Launching the E-type in 1961
On its first appearance before the world's press at the Geneva Motor Show, the Jaguar E-type turned heads, broke records and created a legend all of its own.
When the Jaguar E-type was revealed to the public at the 1961 Geneva Motor Show, it launched a motoring legend. Even the great Enzo Ferrari was awestruck, declaring it:
The hand-built prototype - fixed-head coupé 9600HP - had been lent discreetly to a few journalists - Autosport's John Bolster, Motorsport's Bill Boddy, The Telegraph's John Langley and The Times' Harold Nockfolds - in order for them to prepare road-test features in advance. It was then driven flat-out to the Parc des Eaux-Vives by Jaguar PR man Bob Berry, arriving with 20 minutes to spare. "Good God, Berry," said Jaguar founder Sir William Lyons as the car was frantically wiped clean. "I thought you'd never get here."
Berry then proceeded to give eager journalists a taste of the E-type on a nearby hillclimb course, but demand was so high that a second car was needed. As Jaguar test driver Norman Dewis recalls: "Berry hadn't had a break, and he said to Lyons: 'I can't keep this up all week, it's killing me'. Lyons rang back to Coventry and said: 'Get Dewis, wherever he is, to drop everything, and bring the open-top E-type over.'" Dewis completed the 600-mile journey in an astonishing 11 hours, at an average of 68mph.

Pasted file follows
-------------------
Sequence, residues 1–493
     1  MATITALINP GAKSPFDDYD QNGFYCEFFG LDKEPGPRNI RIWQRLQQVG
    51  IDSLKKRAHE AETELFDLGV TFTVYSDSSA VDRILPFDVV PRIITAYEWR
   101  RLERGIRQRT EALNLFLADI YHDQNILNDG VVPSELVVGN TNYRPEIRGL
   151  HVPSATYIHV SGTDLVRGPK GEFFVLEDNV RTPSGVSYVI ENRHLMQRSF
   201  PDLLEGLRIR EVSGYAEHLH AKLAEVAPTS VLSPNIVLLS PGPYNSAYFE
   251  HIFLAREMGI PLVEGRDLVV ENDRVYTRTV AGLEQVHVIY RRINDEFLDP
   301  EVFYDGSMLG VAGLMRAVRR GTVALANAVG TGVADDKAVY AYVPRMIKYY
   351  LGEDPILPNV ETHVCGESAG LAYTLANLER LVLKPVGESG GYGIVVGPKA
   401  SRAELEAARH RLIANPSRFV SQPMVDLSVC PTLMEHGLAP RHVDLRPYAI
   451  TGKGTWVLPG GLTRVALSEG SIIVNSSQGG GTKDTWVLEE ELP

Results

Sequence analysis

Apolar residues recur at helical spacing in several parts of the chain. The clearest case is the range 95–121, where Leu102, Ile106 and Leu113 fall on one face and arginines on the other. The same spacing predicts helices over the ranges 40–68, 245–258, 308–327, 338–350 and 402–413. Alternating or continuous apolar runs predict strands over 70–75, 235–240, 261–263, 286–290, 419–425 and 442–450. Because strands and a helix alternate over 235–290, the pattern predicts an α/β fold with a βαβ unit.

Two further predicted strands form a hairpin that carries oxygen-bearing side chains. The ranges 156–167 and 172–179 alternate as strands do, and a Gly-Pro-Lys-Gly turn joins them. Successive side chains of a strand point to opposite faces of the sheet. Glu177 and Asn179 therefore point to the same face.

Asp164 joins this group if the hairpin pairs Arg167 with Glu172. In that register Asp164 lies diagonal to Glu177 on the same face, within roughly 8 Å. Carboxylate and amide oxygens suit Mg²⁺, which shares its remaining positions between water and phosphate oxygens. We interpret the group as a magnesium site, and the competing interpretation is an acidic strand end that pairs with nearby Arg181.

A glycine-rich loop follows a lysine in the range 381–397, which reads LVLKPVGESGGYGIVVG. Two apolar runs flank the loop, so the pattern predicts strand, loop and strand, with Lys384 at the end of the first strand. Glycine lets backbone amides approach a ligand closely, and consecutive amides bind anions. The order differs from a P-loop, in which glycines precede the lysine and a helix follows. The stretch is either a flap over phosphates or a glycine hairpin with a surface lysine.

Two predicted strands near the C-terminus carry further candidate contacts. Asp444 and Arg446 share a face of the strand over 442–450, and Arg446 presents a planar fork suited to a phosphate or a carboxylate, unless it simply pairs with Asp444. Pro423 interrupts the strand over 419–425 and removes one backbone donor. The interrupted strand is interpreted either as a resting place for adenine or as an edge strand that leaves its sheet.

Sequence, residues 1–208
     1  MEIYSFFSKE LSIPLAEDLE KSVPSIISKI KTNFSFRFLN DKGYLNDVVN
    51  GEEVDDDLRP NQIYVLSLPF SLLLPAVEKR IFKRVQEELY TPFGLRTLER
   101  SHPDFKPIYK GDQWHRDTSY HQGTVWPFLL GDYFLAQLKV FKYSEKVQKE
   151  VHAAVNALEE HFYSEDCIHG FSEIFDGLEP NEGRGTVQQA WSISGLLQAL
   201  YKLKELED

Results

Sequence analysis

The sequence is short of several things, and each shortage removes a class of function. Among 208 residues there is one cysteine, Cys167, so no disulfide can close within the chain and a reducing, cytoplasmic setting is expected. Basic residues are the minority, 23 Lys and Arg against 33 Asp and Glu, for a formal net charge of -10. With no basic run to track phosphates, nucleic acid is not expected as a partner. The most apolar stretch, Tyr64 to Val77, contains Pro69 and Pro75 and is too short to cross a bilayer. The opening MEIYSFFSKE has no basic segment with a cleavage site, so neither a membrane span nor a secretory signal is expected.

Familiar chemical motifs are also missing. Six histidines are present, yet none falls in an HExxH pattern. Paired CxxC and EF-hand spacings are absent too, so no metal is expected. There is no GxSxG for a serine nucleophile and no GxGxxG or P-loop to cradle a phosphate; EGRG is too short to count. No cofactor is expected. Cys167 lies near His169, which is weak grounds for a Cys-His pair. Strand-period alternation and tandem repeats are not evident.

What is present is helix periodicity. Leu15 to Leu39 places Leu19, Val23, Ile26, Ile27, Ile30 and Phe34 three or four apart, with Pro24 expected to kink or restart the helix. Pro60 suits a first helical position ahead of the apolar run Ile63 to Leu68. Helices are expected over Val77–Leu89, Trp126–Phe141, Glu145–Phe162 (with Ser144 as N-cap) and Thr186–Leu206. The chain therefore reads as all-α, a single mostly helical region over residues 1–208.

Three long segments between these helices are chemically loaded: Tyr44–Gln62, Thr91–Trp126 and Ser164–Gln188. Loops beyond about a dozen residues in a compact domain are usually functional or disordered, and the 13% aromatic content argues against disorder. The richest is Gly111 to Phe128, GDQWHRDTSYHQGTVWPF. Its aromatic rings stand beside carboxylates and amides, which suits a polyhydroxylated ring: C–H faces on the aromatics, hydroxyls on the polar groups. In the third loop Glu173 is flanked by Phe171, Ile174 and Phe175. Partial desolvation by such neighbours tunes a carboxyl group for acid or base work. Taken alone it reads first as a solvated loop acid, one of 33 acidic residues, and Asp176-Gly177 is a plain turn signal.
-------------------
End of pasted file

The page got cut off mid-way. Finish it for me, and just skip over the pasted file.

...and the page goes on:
Dewis's overnight run was one of many ways in which the canny Lyons maximised the value of the E-type launch. As motoring journalist Patrick Mennem explained: "One of the cleverest things Lyons ever did was to launch the E-type at Geneva. He knew the world's motoring press would be there, so the SMMT [the UK's motor industry body] paid for the reception. He had the most fantastic launch I can recall for a car, and hadn't spent a penny. Very astute fellow."
With 265bhp from the 3.8-litre straight-six engine, amazing looks and a price tag at least half that of an Aston Martin or Ferrari - neither of which could match the E-type's 150mph top speed - customer interest in the E-type was naturally high.
"None of us never dreamed of the impact the E-type would have," says Dewis. "As soon as the press saw it, it went through the country like a prairie fire. The idea of a 150mph Jaguar that was only £2,000… to get a Ferrari you'd have to wait six months, it would cost you five times as much, and probably wouldn't do 150mph on the road. Of course, the orders came flooding straight in. We weren't envisaging mass production, so we had to get a new track laid down in the factory, just for the E-type."
Jaguar had planned to make 250 examples of the E-type, but by the end of the Geneva Motor Show, pre-orders topped 500. Over the next 14 years, they would sell 72,000.
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